based on early '60's Mopar Logo

Mopar Memories -- yarns spun, stories told!

How the Mopar bug bit!

Michael Harding writes:

Back in my military days I was stationed in Rantoul, Illinois, and saw this old Dodge that I fell in love with. In elementary school, my best friend's father drove the Bob Banning Dodge Challenger funny car, so I had always been fond of Mopars, and this '70 Coronet 500 was very kewl looking. It had a Superbee hood, a pedestal spoiler from that era, and new paint, interior and vinyl top. The car sat on 14 inch Cragar S/S mags with fat tires on the back and pizza cutters on the front, and it just looked fast. I was up to transfer so I bought the car and soon learned that the entire drive train was from a '74 Cordoba...a rebuilt 360 with stock 2 bbl carb and 727 trans. The guy who sold it to me installed a Sure Grip with 3:92 (?) gears and dual glass packs. While transferring to North Carolina and heading down the highway there was a guy in a Roadrunner that wanted to play a little. Within a few seconds I had buried the 120 mph speedometer and decided to back off and let him go on without me.

When I finally got settled in at my new base I installed an Edelbrock performer manifold and Holley 600. The car already sounded pretty healthy with the duals, and was pretty quick, despite the lack of headers, cam, etc. I quickly became very notorious around town for doing burnouts all over the place. One guy, Scott, who later became one of my best friends, saw the car and told his friends that he, "just had to become my friend so he could ride in my car." Scott was later even more protective than I was, often lecturing people about (trying) to smoke in my car.

Now here's the part that most people don't believe...and I still have a hard time telling this...but one day after "warming" my tires around town we ended up at a red light. I toyed around and loaded up the tranny and brought the rpm's up a could just feel the car biting the pavement. When the light turned green I launched and the front end lifted. I looked at Scott, who still had his jaw resting on the dash pad, and asked him if he saw what I had just seen. He responded with, "you mean sky??" Neither one of us could believe it...I still can't.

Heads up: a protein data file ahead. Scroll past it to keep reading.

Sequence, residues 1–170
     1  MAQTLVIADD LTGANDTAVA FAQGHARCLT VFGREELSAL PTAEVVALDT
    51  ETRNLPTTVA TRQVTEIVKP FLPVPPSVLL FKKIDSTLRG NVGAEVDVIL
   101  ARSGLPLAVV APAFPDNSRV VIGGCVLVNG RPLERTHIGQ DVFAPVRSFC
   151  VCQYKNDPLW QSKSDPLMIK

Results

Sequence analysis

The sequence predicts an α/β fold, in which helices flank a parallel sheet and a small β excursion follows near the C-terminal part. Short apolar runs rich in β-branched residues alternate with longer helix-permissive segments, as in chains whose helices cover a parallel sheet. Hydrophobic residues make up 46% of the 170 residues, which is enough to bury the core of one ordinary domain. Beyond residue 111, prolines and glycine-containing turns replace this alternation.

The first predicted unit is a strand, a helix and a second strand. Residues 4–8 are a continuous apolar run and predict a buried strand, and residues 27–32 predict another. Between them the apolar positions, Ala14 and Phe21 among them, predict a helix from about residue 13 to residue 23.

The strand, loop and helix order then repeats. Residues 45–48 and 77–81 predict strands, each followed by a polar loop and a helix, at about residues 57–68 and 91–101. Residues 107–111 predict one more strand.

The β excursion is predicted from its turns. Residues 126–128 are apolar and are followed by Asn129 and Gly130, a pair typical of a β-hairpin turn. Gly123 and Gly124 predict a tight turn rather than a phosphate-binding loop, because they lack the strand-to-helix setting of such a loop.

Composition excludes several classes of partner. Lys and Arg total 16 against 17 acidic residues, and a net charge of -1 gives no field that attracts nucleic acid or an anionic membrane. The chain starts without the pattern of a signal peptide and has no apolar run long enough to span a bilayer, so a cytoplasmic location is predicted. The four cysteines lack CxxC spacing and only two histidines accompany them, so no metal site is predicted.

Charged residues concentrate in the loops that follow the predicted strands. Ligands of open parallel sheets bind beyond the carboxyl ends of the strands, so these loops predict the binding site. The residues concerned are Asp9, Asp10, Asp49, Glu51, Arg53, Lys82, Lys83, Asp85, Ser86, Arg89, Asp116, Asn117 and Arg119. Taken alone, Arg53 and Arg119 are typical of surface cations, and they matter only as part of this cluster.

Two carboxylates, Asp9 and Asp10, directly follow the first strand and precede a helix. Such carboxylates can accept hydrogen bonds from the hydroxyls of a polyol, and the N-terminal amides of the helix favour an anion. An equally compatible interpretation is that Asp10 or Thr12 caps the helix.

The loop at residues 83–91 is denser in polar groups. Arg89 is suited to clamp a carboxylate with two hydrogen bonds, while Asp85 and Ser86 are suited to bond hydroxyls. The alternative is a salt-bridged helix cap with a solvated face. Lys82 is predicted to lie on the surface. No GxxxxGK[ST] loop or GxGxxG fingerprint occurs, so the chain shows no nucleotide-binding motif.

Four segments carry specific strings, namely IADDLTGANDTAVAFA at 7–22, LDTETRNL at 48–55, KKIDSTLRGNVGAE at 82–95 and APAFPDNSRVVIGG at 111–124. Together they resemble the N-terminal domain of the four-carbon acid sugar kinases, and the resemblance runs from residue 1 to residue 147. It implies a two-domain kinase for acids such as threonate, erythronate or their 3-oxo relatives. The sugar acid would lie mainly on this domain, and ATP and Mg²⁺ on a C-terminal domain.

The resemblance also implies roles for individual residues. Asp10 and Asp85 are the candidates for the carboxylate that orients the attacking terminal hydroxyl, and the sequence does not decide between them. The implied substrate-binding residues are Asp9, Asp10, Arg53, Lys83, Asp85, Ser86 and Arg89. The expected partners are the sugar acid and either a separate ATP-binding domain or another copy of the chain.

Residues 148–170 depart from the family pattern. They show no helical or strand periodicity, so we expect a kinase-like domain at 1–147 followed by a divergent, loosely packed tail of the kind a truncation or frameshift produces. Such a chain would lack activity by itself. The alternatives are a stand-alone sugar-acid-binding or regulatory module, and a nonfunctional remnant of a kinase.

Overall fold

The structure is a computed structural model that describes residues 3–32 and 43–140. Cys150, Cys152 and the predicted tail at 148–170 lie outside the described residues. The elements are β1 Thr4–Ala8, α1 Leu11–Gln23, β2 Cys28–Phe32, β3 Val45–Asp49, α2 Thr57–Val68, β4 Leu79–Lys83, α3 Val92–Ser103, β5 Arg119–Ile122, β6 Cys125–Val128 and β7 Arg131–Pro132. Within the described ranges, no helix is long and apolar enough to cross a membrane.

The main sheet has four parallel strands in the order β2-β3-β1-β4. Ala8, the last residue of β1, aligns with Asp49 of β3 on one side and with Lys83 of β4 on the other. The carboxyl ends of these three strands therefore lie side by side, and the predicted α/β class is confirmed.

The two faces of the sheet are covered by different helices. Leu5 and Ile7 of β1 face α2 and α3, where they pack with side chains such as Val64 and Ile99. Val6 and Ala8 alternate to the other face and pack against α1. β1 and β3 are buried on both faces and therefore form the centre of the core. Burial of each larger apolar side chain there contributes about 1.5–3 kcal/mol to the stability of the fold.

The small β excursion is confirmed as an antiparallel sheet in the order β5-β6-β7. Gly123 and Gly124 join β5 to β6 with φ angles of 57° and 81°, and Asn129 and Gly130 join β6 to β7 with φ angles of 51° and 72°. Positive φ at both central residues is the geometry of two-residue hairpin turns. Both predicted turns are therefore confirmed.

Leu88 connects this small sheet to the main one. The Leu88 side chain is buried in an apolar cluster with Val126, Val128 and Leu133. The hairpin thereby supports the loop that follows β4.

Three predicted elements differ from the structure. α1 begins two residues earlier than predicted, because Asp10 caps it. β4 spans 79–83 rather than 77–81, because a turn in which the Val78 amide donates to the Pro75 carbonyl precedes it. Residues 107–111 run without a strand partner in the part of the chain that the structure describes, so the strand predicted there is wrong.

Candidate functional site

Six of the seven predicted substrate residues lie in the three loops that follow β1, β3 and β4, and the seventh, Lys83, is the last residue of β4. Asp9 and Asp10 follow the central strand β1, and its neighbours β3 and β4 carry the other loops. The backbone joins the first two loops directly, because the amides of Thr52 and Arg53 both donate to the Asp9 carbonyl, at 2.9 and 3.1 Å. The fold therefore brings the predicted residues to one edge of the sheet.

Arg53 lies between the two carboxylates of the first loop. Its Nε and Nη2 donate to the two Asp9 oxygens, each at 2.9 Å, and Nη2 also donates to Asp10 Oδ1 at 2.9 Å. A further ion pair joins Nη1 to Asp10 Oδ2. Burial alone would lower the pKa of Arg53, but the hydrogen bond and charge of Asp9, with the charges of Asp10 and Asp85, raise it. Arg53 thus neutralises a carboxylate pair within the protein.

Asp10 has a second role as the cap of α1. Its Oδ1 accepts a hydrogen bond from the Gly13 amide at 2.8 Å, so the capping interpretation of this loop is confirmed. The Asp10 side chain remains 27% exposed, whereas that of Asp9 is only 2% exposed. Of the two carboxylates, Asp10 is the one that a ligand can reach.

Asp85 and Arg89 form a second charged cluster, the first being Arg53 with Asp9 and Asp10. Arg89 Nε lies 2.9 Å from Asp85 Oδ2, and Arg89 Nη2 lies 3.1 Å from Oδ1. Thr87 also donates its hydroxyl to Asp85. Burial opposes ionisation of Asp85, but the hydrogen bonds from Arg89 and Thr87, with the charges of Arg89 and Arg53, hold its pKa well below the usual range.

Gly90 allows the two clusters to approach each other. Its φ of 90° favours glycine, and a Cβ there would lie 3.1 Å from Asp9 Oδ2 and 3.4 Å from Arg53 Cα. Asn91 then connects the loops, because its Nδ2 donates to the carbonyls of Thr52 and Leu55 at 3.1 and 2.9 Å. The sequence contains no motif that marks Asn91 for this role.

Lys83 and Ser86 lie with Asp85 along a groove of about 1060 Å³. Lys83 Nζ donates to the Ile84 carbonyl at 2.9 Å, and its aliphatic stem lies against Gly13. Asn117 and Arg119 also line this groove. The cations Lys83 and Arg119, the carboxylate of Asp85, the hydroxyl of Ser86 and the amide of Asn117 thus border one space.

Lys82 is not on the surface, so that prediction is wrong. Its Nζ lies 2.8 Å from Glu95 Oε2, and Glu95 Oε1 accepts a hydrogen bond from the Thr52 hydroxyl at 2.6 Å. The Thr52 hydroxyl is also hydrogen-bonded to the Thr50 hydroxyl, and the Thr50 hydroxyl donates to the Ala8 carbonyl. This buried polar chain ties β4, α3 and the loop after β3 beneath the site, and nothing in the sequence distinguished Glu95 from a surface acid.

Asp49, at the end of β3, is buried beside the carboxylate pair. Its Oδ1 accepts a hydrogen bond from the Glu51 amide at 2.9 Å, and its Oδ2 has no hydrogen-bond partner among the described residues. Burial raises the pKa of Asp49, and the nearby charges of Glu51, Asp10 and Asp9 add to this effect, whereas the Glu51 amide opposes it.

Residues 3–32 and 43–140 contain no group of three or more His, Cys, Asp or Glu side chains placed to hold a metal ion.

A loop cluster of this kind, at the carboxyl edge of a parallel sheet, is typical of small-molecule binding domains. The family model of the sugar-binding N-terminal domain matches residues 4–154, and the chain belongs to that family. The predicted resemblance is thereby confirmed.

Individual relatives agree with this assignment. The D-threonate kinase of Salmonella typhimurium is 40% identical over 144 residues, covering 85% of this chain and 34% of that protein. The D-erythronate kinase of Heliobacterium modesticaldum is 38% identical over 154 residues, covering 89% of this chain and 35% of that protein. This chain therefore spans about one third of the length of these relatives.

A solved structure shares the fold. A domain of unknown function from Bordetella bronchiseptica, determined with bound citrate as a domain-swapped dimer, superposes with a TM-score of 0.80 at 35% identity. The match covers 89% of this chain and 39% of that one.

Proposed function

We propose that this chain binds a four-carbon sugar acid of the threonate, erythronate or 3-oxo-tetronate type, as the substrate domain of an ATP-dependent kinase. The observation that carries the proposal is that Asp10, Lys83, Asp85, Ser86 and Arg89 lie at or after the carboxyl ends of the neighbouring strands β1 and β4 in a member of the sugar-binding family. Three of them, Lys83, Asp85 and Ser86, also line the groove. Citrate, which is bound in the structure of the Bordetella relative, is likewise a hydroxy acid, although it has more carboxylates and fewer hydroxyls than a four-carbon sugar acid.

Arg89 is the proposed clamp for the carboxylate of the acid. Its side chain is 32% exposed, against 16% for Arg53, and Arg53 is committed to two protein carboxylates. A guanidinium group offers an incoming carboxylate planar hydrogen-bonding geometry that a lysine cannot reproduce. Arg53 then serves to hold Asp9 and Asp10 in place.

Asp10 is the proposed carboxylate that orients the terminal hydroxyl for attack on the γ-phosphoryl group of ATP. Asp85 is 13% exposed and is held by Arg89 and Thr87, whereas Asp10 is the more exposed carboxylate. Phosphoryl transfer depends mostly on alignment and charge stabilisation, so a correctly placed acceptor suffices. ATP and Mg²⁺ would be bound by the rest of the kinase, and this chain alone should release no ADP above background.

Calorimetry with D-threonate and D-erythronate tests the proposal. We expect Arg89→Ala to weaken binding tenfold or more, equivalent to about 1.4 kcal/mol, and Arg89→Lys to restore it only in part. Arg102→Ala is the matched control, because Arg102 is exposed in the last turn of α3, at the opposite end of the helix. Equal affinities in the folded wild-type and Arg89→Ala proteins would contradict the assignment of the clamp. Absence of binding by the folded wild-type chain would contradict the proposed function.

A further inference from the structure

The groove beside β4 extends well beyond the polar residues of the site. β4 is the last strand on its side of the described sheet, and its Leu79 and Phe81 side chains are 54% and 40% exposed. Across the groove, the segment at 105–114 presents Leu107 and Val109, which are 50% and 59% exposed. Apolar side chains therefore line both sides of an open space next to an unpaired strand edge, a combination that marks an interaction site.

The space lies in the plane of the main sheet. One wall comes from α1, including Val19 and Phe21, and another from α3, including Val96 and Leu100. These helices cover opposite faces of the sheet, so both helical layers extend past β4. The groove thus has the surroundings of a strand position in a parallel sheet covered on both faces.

We proceeded to the local pool hall/arcade and Scott jumped out and went directly to a guy that owned a 65 Mustang, who was constantly ragging on my Mopar. Scott told him about the "wheelie", and immediately I was challenged. I told him, "I don't think I can get both wheels up in the air, but I'm pretty sure I can get one up." I knew I was gonna fail, but gave it a shot anyway and raised the front end a couple of times with the throttle pedal. I asked, "did I get at least one of them up in the air?" "No," came the reply, "you got both up three times." He walked away disappointed. Man, I loved that car!

Well, a couple of years later I moved to California and left the car behind in North Carolina to be sold. Another friend, Ron, never tried very hard to sell it, so I flew back one fall to retrieve it and drive it back home to California. I made the trip cross-country in 3 and a half days, all with a leaking radiator and one stripped hole on the intake manifold. I drove the car for another year until I reluctantly sold it to get something that wouldn't kill my wallet. (tires and gas wise, for the most part) Hey...I was still only 24 years old!!

Here's where it gets even more interesting...I drove it to a Dodge dealership to trade it in on a used economy car I wanted to buy. They not only gave me $1800 for the Coronet (street value was only about $800), but they also took $2000 off the asking price of the car I wanted. Only thing I can figure is that they saw me driving up in a 70 Superbee, me not knowing what it's "true value" was. The windshield was cracked, the electrical needed some serious work, and the rear tires were bald. Who was I to argue?

A few months later that year, I saw my Coronet "wanna-bee" on a small, corner used car lot across the bay for $900. I darn near bought it back, but I knew that I was headed for trouble if I I passed on it.

So, here I am now, almost twenty years later and I'm back in the seat of an old B 1965 Belvedere II...and feeling like a kid again. Only, this time around, I'm a little less interested in frying my tires.

Well, so far, anyway....

Do you have a story about a 1962 to 1965 Mopar that you previously owned?

How about a story about one of these Mopars that somehow changed your life and made you fall in love with these beauties?

Or how about suggestions for links to other web sites with historical references and stories about these years' Mopars?

Send me a note and it will get shared with everyone viewing this page!

Thanks for contributing!

Gary H.

February 4, 2002

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